Wednesday, October 19, 2005

Cure for the Liturgical Blues


Philothea Rose writes about not wanting to participate in liturgical discussions any more because they take her focus off of worshipping Jesus when she is at Mass (read the post, it's a good one). Many others have posted their bravas to this post.

I haven't run into this particular discussion problem (perhaps because I seem to constantly get sucked into predestination versus free will conversations at Protestant sites ... so I'm looking in another direction).

At any rate, I thoroughly understand Philothea's desire. The best book I have found that has helped me move further toward "reaching Jesus" in the Mass is a small and easy to read. It puts the Mass focus strictly where we should have it ... on the Eucharist and our response to it.

Dubruiel shows how to balance the Mass both as a holy banquet and as a holy sacrifice. Too often these days the sacrificial aspect is left out.
Participation in the Eucharist requires that we die to ourselves and live in Christ. If we want to get the most out of the Eucharist, then sacrifice is the key. This is what has been lost on many of us and if we want to reclaim all the spiritual riches that are available to us we must relearn what it means not only to "offer it up" but indeed to offer ourselves up.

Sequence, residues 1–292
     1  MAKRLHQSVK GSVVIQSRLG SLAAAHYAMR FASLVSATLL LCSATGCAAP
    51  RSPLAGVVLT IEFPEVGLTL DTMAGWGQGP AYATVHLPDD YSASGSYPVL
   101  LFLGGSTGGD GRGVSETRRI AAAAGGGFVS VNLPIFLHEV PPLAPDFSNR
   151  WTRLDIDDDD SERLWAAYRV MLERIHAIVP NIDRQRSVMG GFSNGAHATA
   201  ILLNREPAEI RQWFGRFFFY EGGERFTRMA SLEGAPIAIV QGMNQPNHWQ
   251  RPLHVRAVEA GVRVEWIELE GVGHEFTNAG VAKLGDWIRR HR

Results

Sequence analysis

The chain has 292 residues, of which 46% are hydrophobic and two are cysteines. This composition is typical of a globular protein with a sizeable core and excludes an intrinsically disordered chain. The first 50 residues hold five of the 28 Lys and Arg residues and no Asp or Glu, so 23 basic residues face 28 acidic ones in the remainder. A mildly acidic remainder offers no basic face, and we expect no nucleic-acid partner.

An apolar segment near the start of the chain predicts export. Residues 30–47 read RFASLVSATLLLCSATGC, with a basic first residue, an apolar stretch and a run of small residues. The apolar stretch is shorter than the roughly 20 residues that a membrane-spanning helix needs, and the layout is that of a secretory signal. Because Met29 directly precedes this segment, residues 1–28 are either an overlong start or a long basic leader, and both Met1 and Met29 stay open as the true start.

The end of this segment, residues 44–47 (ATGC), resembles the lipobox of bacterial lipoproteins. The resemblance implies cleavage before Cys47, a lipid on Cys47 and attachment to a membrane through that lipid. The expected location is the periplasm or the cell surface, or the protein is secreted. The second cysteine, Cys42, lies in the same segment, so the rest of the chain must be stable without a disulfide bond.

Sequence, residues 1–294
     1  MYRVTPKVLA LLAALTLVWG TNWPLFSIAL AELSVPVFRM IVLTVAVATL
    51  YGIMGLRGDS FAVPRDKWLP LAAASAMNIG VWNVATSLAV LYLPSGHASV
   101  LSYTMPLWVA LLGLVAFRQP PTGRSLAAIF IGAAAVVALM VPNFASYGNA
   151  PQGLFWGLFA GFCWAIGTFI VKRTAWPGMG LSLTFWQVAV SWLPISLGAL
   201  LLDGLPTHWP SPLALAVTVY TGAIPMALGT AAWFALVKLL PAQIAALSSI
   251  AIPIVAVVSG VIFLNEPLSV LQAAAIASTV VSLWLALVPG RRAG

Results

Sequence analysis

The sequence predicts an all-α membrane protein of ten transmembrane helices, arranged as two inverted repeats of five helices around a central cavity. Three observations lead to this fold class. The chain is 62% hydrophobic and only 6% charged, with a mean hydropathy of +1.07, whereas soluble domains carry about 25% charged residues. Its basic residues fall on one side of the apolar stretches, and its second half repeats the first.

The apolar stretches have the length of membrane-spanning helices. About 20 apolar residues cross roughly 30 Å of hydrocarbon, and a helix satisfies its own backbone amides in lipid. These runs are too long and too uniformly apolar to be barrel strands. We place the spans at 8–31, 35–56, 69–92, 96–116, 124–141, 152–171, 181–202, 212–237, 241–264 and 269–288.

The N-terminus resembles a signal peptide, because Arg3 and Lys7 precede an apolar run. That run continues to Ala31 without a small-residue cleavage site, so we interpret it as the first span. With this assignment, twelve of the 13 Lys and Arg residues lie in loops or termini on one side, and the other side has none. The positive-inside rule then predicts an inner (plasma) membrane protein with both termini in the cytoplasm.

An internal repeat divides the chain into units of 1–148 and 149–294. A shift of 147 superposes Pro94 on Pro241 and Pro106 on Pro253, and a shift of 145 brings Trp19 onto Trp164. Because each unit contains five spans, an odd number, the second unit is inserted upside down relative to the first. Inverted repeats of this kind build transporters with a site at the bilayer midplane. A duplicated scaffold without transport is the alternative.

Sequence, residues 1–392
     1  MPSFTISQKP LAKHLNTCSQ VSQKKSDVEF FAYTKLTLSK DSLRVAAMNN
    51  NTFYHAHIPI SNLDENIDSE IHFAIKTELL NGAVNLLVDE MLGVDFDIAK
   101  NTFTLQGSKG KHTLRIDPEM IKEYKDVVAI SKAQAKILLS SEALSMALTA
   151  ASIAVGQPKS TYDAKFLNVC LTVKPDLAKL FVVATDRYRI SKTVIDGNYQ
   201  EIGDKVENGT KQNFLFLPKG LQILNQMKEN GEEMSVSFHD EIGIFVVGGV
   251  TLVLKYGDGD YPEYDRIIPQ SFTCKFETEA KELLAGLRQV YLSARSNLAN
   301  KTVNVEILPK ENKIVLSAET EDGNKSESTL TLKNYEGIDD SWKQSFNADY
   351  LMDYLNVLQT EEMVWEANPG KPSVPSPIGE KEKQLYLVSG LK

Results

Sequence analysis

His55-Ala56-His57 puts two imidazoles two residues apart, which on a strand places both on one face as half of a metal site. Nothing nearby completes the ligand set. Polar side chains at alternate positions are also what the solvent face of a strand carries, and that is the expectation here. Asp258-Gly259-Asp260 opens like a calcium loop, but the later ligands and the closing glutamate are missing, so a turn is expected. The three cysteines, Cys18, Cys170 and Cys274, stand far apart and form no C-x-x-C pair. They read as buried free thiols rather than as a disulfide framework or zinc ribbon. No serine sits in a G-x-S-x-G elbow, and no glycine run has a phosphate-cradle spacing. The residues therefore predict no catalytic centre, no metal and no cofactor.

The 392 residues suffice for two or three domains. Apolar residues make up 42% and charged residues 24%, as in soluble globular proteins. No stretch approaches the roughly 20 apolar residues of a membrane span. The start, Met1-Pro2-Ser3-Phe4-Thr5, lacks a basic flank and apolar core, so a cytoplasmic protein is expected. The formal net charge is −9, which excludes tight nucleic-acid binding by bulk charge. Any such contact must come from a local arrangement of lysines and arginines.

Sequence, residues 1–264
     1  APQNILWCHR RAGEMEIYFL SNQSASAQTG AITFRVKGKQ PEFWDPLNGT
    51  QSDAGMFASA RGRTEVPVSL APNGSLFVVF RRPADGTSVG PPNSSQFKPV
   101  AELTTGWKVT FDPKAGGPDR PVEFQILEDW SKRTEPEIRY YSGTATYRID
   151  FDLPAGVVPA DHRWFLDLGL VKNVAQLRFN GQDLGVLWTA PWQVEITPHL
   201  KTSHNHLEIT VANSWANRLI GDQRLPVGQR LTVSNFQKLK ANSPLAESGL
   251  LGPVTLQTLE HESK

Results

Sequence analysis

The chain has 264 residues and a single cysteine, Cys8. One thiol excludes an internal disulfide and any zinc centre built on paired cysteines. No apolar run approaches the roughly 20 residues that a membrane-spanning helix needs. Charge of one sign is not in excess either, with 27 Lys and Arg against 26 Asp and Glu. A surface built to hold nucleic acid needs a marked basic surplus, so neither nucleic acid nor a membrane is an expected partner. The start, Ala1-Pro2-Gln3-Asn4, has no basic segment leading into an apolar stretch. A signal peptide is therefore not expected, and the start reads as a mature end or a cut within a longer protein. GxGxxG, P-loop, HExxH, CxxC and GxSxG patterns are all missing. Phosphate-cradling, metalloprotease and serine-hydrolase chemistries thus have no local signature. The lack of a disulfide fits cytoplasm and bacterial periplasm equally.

Dubruiel uses an acronym to help remember the steps we can take to join ourselves in sacrifice to the sacrifice of Jesus.
Serve (obey the command that Jesus gave to his disciples at the first Eucharist)
Adore (put aside anything that seems to rival God in importance)
Confess (believe in God's power to make up for your weaknesses)
Respond (answer in gesture, word, and song in unity with the body of Christ)
Incline (listen with your whole being to the Word of God)
Fast (bring your appetites and desires to the Eucharist)
Invite (open yourself to an encounter with Jesus)
Commune (accept the gift of Christ in the Eucharist)
Evangelize (take him and share the Lord with others)
Each step is explored in a different chapter and every single one had "aha" moments for me, sometimes from Church Father quotes, sometimes from the Further Helps at the end of each chapter, and quite often from Dubruiel's own insights. Each chapter also includes "Lessons from a Three Year Old" to highlight points. This sounds corny but it didn't come off that way. In many cases, that three year old was much wiser his single mindedness than an adult.

I do not have time to write the review that this book deserves but did want to get mention of it out there for anyone who would benefit from it. Now that I think of it, I don't know any Catholic who would not benefit from it.

I will let the book speak for itself by posting a series of quotes in the days to come.
Serve the Lord

If you want to get the most out of the Eucharist you have to check your "I" at the door. The "I" that wants things, that endlessly critiques the way things are done, and that demands things be done in exactly a certain way (meaning "my way," not God's way). I think it was Peter Kreeft who once said that the famous song, "I Did It My Way," sung by such great artists as Frank Sinatra and Elvis, is the national anthem of hell. The way of the world may be to do things "our way" but the way of Christ is to do things his Way. We therefore consciously have to leave "my way" at the door and in exchange take up an attitude that asks "how may we be of service to you, Lord, in this celebration of the Eucharist?"

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